Advertising

                  Say you have three top priorities for the day. You might jump into the smaller ones or the bigger ones depending on your preferred method, and then find yourself out of time and bringing work home with you at the end of the day.

                  This is prevented when you factor in time. Knowing how long each item will take, or deliberately setting specific blocks of time for your priorities can help you accomplish more in the same 8-9 (or 12) hours that you typically spend at work.

                  Try this:

                  Take a look at your priorities and consider how long they should take. Pop into your Google calendar (or Filofax, whatever works for you) and schedule time to work on your priority items around any important meetings or events of the day.

                  The most important thing to remember is to stick to your dedicated time.

                  Often, when we know exactly how long we have to work on something (and honor this time limit), we’re motivated to get more done on time to avoid taking work home at the end of the day.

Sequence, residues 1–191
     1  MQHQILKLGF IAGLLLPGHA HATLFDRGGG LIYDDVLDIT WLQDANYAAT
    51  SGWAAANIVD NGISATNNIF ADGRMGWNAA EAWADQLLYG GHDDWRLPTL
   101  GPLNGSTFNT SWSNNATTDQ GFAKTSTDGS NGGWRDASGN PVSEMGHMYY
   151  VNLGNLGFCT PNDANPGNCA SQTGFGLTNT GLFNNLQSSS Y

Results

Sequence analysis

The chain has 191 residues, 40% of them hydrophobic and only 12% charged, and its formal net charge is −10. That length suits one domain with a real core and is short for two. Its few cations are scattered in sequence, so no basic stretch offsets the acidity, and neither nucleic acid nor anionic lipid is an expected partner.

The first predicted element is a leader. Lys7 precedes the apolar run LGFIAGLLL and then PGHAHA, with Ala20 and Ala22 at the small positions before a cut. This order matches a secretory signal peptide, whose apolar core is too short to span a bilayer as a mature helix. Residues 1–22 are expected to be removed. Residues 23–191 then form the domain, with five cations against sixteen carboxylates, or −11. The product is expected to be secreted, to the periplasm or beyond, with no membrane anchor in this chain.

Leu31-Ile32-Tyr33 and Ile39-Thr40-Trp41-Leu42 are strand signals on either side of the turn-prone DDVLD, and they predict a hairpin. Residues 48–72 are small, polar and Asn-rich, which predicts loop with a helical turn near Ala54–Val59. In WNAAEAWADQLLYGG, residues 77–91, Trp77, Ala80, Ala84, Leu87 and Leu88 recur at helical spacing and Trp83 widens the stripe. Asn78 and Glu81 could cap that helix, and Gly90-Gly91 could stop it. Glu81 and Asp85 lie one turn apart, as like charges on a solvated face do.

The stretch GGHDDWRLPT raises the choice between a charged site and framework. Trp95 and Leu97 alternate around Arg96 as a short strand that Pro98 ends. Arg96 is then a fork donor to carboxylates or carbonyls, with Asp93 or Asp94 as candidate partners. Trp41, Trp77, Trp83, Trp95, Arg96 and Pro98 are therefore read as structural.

The bottom line

                  There’s no need to waste 1/3 of our lives feeling unsatisfied at work. Luckily, you now have the tools to get started, take back your time, and become happy and fulfilled at work again.

                  The only question is — which tip will you try first?

                  Featured photo credit: Ellyot via unsplash.com

                  Reference

                  [1]Psychology Today: The Healing Power of Gratitude

                  Read Next